Parish Papers eBook

Norman Macleod
This eBook from the Gutenberg Project consists of approximately 319 pages of information about Parish Papers.
of party, love of power, the spirit of proselytism, and the like.  We may possess many gifts, understand mysteries and all knowledge; we may bestow our goods to feed the poor, in zeal for Church or party we may be willing to give our bodies to be burned; but before God it profiteth us nothing, unless we have the “love that suffereth long, and is kind, that envieth not, that vaunteth not itself, is not puffed up, doth not behave itself unseemly, seeketh not her own, is not easily provoked, thinketh no evil; rejoiceth not in iniquity, but rejoiceth in the truth; beareth all things, believeth all things, hopeth all things, endureth all things,”

Surely our schisms may be healed if there be a Saviour thus to heal them!

One word in conclusion.  Neither the letter nor the spirit of the apostle’s teaching condemn a warm and firm attachment to “our own Church,” but antagonism only to other Churches.  A soldier may love, and ought to love his own regiment with peculiar affection, more especially if he has been born in it, and brought up from childhood, as it were, in its ranks.  And it should be his honest pride to see that it is one of the best drilled, most orderly, most efficient, and bravest in the whole army.  But that is no reason why he should go about with a drum to recruit from, weaken, or break up other regiments; or why he should deny that there are other regiments which equally belong to the grand army, and may be even more efficient than his own, though they do not wear the exact pattern of uniform, or may charge on horseback while his marches on foot, or possess cannon while his own have but small arms.  Why should he be jealous of their achievements?  Why should he be disposed to fight against them instead of against the common enemy?  And, worse than all, why assert and boast that this one regiment of his is the army, while all others are mere unauthorised volunteers, or enemies in disguise?  It is full time for sensible men to give up this vain boasting, proud antagonism, and irritating ambitious proselytism.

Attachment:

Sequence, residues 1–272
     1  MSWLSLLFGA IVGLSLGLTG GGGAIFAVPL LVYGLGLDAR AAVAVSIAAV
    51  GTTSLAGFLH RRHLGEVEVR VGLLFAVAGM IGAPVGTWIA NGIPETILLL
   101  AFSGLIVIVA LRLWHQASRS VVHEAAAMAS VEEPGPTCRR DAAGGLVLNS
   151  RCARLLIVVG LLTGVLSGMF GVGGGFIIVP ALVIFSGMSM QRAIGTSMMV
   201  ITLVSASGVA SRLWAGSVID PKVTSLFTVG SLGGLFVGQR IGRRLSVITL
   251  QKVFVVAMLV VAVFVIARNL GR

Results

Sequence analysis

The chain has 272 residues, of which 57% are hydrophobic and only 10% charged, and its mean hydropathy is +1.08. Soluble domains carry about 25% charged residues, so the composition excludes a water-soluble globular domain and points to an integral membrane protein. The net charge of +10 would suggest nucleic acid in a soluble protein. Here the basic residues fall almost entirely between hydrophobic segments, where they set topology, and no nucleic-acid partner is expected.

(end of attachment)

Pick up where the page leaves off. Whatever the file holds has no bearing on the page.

Instead, therefore, of any man attempting, what is impossible during a lifetime, to understand the distinctive principles of each of the many sections of the Christian Church, so as to “join” that one which seems most “pure” and “scriptural,” he is much better, as a rule, to remain, if it is at all possible for him, in the Church of his fathers, in which he was baptized and reared, and to do all in his power, by his example, his prayers, and his steady, manly, firm attachment, to make “his own Church” more efficient, and to permit others, without interference, to do the same.  Thus may a man be a good Presbyterian in Scotland, and also a good Episcopalian in England, or possibly a Nonconformist in both, unless he believes in the Divine origin and authority of some one ecclesiastical system, and the mundane origin of all others.  With perfect consistency and sincerity he may dearly love his Church, but yet love Christians more, because he loves Christ best of all.

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Parish Papers from Project Gutenberg. Public domain.
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